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2nd Oct 2022

EU aims for UK deal in February

  • Cameron (l) and Tusk (r): December summit will be used for discussion on changes. (Photo: Consillium)

British and EU leaders will try to reach a deal on British demands for reforms at February's EU summit, while using the upcoming summit on 17 December for political guidance.

"Debate" at the December meeting "should pave the way for a deal in February," European Council president Donald Tusk said on Twitter on Thursday (3 December).

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Tusk announced he will send a letter to EU leaders on Monday (7 December) to give his assessment on the ongoing talks.

In a phone call with Germany's Angela Merkel on Thursday, UK prime minister David Cameron admitted that "the scale of what we are asking for means we will not resolve this in one go.”

Cameron "did not expect to get agreement at the December European Council," his office said after the call.

"Instead, we should keep up the pace of discussions and use the summit for a substantive discussion of the proposed changes in each area."

The four "baskets" of British demands, set out in a letter sent by Cameron to EU leaders, are: economic governance; competitiveness; sovereignty; and immigration.

Fundamental principles

The recognition that no deal will be reached this month is not a surprise.

There is wide consensus that most of the points raised in Cameron's letter, especially on competitiveness, are just "boxes to be ticked.” But some demands raise difficult legal issues.

"It will be all about the details," an MEP with close knowledge of the negotiations told EUobserver.

The main issues are British demands on separation of powers between eurozone and non-euro members and on access to benefits for EU citizens in the UK.

Cameron wants Europeans to wait for four years before being entitled to welfare.

In an assessment of British demands, Jonathan Faull, the chair of the European Commission task force on the UK referendum, said the demand is "highly problematic" and "touches upon fundamental principles" of the EU.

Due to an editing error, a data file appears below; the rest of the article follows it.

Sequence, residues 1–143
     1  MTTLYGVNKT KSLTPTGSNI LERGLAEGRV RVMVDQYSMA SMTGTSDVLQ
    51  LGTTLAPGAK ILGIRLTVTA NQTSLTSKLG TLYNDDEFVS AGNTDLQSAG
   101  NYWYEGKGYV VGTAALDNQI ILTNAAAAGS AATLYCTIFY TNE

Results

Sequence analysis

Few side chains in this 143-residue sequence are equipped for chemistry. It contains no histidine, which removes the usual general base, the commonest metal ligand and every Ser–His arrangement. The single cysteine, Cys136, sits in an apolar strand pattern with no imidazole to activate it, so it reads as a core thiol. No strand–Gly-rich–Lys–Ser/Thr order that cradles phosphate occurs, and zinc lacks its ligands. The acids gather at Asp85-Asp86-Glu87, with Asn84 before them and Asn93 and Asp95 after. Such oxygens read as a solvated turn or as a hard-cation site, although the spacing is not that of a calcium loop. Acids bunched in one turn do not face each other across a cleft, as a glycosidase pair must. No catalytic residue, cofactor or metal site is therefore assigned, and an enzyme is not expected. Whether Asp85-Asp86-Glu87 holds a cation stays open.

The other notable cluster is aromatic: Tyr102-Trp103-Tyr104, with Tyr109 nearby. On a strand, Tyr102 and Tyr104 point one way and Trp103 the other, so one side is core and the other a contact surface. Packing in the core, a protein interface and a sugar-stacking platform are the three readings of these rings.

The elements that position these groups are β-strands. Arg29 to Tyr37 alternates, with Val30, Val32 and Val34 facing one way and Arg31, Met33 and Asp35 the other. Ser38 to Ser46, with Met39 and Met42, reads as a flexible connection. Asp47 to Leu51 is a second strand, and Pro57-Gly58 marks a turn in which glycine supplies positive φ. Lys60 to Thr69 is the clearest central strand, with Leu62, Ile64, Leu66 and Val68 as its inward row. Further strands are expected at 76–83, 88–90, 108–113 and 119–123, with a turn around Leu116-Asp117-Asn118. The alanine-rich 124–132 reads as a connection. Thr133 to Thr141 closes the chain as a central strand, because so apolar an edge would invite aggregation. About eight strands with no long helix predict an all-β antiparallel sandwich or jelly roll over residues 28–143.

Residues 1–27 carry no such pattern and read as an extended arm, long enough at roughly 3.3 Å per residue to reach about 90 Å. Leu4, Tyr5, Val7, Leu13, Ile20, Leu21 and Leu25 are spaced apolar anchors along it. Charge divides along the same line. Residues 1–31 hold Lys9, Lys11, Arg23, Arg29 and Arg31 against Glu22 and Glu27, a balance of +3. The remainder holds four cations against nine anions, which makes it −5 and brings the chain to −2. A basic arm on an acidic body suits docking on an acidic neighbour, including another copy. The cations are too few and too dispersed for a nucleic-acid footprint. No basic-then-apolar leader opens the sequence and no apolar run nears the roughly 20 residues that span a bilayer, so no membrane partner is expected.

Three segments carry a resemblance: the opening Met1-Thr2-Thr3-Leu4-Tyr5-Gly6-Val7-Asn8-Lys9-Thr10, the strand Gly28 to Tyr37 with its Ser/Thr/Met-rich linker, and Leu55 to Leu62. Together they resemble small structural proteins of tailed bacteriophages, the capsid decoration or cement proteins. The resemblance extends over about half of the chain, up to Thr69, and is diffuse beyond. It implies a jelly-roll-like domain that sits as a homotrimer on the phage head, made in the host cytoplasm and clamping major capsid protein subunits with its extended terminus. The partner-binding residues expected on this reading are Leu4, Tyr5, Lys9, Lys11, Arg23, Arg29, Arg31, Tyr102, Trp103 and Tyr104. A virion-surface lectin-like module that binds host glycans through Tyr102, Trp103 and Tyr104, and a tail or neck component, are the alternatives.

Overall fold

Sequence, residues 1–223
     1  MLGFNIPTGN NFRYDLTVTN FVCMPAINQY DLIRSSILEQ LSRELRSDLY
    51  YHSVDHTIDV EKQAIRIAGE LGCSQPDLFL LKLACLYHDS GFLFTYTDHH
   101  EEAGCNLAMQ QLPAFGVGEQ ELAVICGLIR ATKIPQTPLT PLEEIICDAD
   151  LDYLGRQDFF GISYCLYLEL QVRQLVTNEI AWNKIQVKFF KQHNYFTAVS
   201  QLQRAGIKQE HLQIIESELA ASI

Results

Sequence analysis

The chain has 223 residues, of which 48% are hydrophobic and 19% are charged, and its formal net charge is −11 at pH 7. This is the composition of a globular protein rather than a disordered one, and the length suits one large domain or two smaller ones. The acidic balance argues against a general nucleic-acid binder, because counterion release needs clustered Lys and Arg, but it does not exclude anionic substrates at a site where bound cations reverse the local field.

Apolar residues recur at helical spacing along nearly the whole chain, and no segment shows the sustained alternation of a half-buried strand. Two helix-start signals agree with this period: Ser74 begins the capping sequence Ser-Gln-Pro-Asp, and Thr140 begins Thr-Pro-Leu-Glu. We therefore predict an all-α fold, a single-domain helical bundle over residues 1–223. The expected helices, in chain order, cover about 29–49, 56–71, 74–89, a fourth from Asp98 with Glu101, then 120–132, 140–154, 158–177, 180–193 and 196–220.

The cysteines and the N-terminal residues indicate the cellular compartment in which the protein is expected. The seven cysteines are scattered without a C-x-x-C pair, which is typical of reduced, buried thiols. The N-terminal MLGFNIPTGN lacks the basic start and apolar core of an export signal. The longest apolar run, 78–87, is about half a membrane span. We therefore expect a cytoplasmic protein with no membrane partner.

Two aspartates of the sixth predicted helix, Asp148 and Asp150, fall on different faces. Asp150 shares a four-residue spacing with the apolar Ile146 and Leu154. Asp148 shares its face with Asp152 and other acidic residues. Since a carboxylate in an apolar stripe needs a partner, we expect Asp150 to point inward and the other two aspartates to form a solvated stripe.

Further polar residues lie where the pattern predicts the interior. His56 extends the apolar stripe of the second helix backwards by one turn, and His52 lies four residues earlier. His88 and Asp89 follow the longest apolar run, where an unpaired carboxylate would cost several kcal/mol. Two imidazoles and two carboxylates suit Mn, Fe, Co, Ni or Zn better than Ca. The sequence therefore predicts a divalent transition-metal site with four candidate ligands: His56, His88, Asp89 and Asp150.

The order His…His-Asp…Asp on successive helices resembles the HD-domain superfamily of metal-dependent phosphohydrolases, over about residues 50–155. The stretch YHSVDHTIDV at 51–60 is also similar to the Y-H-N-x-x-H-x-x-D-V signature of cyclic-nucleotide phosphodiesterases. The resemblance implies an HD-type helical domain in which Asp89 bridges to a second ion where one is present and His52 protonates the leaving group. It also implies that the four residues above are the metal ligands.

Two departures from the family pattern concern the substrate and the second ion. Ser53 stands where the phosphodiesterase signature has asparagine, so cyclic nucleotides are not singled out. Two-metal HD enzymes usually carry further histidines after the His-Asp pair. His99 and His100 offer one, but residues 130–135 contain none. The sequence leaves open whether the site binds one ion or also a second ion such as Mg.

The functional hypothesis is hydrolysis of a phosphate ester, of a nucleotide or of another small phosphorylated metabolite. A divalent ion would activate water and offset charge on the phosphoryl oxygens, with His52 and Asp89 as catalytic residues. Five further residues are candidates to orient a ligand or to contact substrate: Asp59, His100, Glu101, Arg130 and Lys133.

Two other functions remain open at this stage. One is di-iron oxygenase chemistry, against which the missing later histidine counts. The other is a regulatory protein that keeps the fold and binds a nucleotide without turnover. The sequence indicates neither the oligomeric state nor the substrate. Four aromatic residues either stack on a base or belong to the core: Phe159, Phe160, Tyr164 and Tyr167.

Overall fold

Several EU countries, mainly from Central and Eastern Europe, have expressed strong opposition.

"We don't know how to do it," the MEP said. "This is so obviously discriminatory against EU citizens."

The MEP added "it is not easy to put on paper" what Cameron wants, in terms of guarantees on the British pound and the City of London’s activities, while safeguarding British influence on eurozone decisions.

"You've got to separate eurozone and non-eurozone countries and at the same time keep the single market together," the MEP noted.

'Multi-destination Europe'

After Cameron sent his letter to EU leaders on 10 November, Tusk held so-called confessionals with EU member states’ representatives.

"The confessionals went rather well," Danuta Huebner, a Polish centre-right MEP who chairs the European Parliament committee on constitutional affairs, told EUobserver.

"They showed a lot of openness from member states to British demands", she said.

But, she added, the general feeling among member states and EU institutions is that "we cannot undermine the EU's biggest achievements: the single market and free movement."

Cameron also intends "to end Britain's obligation to work towards an 'ever closer union' as set out in the [EU] Treaty".

Diplomats have started to use a new concept - "multiple destination Europe" - as opposed to the old “two-speed” or “multi-speed” Europe, to frame a solution to the highly symbolic issue.

"The question is how you bring speed and destination together,” satisfying both the UK, which doesn't want to follow, and member states which want to keep the aim of "ever-closer Union", the MEP with knowledge of the talks, who asked to remain anonymous, said.

On 17 December, the 28 EU leaders will, for the first time, discuss the British demands in one room and could agree on general political guidances for technical talks. They might also create a working group to draft the accord to be endorsed in February.

Emotional campaign

If a deal is reached at the February summit, the EU membership referendum coud be held in June or September, between UK's regional election in May and traditional party conferences in September.

Whatever the outcome of negotiations and whatever Cameron gets, the vote will be "difficult and tight," Huebner, who recently led an EP delegation to London, told EUobserver.

"We came back more worried than before," she said. "We heard from many people support for the UK leaving the EU and that what Cameron will get doesn't matter, they will still vote No."

"The campaign in favour of Brexit is very emotional," she added. "They don’t care about the facts … What citizens need is information about what happens the day after."

In the UK, one third of voters will vote Yes and another third will vote No, whatever happens, the other MEP said. For Cameron, in his negotiation process with the EU, "the last third of voters is the target.”

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